Mojo (UK)

How Sleaford Mods’ one-man Wu-Tang Clan and bard of Broken Britain brought belligeren­ce back, along with himself, from the brink of bitter irrelevanc­e. “It’s my way of getting the last word in,” says Jason Williamson.

- Interview by TED KESSLER • Portrait by TOM OLDHAM

SLEAFORD MODS’ JASON WILLIAMSON OPENS the door to his Nottingham home sporting a flourspeck­led apron, accompanie­d by a welcoming waft of baking. He’s just conjured up a tray of cinnamonsw­eet mince pies. “Paul Hollywood’s recipe,” he says, modestly crediting the portly star of TV’s The Great British Bake Off. “He’s a horrible twat, but he knows how to bake.”

Williamson lives in a handsome terraced house on a wide residentia­l road, with the floodlight­s of Trent Bridge cricket stadium overlookin­g his garden. He resides here with his wife Claire, who also manages Sleaford Mods, and their two young children.

“Once, we’d be in the boozer, sneaking in the bogs for lunchtime lines,” he says ruefully, leading us into their smart kitchen extension. “I always imagined it’d be like that doing a MOJO interview, but now…” He places the mince pies on the table, dusting them with icing sugar. They are absolutely delicious.

Nobody is more surprised – nor happier – about Williamson’s changed circumstan­ces over the last decade than the Sleaford Mods singer himself. In 2007 he was a long-serving member of the UK’s unskilled workforce, having spent decades toiling on zero-hour contracts in factories, warehouses, shops and kitchens since leaving school as a teenager. He was 37. His dream of fame, first as a wannabe actor and later as a musician who’d sung with several unheralded groups in the ’90s and ’00s, appeared long dashed. Then, in a flash of despairing inspiratio­n, he hit upon the idea that would save his life: write what you know.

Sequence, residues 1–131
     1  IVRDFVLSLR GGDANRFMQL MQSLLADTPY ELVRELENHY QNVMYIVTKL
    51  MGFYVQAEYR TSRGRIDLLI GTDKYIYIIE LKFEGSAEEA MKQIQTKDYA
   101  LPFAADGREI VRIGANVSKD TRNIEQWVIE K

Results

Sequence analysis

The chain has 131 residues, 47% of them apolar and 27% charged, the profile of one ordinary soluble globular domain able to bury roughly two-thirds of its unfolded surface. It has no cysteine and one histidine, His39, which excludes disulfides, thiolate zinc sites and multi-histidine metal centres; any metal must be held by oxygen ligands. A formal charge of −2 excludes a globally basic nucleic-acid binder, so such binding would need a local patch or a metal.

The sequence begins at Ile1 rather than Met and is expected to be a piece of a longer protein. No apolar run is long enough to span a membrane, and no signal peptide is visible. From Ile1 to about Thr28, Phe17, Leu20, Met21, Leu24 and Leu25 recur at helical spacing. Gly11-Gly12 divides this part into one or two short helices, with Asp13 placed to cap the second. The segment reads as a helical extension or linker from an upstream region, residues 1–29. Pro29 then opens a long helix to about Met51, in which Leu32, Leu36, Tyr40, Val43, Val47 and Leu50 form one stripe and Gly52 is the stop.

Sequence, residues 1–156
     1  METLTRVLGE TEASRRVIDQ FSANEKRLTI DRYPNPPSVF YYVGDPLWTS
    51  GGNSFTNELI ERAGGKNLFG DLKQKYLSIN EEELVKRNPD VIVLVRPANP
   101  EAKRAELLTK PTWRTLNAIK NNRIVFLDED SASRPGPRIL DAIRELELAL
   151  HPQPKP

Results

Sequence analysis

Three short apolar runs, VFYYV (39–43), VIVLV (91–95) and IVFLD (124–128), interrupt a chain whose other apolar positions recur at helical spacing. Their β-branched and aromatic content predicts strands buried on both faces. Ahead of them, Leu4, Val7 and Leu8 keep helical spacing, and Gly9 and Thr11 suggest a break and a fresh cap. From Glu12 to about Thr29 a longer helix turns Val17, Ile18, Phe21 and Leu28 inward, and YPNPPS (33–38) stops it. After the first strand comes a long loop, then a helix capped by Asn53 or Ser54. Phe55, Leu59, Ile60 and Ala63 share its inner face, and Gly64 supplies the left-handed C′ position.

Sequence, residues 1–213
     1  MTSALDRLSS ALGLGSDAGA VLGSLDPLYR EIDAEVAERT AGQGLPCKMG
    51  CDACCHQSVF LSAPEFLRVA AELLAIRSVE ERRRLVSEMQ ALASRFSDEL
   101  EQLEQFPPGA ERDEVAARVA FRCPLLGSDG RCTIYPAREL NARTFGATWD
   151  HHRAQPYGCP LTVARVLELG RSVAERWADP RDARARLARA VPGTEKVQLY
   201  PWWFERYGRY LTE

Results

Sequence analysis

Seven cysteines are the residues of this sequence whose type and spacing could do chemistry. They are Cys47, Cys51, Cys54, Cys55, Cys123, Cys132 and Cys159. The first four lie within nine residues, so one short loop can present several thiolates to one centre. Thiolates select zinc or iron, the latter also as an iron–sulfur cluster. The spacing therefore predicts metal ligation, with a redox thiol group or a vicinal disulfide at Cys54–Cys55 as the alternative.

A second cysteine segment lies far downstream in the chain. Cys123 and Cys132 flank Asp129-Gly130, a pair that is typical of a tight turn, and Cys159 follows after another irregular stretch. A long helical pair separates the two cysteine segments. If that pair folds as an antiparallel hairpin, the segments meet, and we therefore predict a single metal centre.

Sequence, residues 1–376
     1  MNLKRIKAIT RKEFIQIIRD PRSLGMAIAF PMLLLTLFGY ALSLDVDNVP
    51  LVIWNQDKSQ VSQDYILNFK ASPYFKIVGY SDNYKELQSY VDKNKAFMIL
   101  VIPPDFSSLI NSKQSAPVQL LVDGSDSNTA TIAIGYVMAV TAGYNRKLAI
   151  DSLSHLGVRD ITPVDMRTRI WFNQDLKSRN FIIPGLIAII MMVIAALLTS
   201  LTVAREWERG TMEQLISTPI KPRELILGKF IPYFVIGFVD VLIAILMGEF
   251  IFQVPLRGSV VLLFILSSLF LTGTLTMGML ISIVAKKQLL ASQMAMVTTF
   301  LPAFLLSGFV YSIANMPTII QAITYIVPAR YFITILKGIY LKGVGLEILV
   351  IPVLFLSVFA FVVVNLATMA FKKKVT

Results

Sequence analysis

Working initially with an engineer who helped him loop sampled beats, Williamson poured all of his resentment and furious anguish into a series of self-released Sleaford Mods albums that showcased the profane poetry of his East Midlands rant-rap. But it wasn’t until he teamed up with Nottingham beat-maker Andrew Fearn for album number five, Wank, in 2012, that Sleaford Mods started to fashion something truly their own, solidifyin­g their status as a duo with Austerity Dogs in 2013 and then on 2014’s critical breakthrou­gh, Divide And Exit. Sketching a uniquely local and punky kind of spooked hip-hop, Sleaford Mods became the voice of a huge swathe of Britain that felt left behind, the canary in the pre-Brexit coalmine.

They struck a chord. Each of Sleaford Mods’ last three albums have found berths in the UK Top 10, subtly refining their sound with every release. Their twelfth and latest, UK Grim, is perhaps their most polished, a compelling portrait of Britain’s evolving identity crisis chiselled into taut electronic slabs of barbed melody and rhythm. It’s a lesson in controlled fury.

“Personally, I’ve never been happier,” says Williamson, who adds it’s no coincidenc­e he’s been sober for seven years. “But everyone tells me I sound really angry. It’s hard not to, living on this melting tyre of depression.”

He raises a pie to his lips, then pauses. “What have you got for me, then?”

When you were growing up in Grantham, you wanted to be famous didn’t you?

Big time. I saw how people lived in films and thought I’d like my life to be like that, which obviously was a really bad miscalcula­tion. They’re films. There’s a script. It’s not life. I just wanted to escape. I don’t know if that was because of the dreariness of small-town life, but I remember experienci­ng feelings of extreme boredom from six. You slip into your own fantasy world. I think because my parents were splitting up I felt alienated from the family unit, moving into a different environmen­t with my stepfather who was a completely different person to my dad.

In what way?

He was obsessed with work. He’d just started his own bricklayin­g business, so he was constantly busy. And that bothered his ex-wife; she had an affair with my father and that’s how my mother met my stepdad. He was building an extension on the back of our house.

Not a euphemism?

No! It was like a partner swap, which must sound weird – and it was. But my life was very dreary.

You thought fame would save you.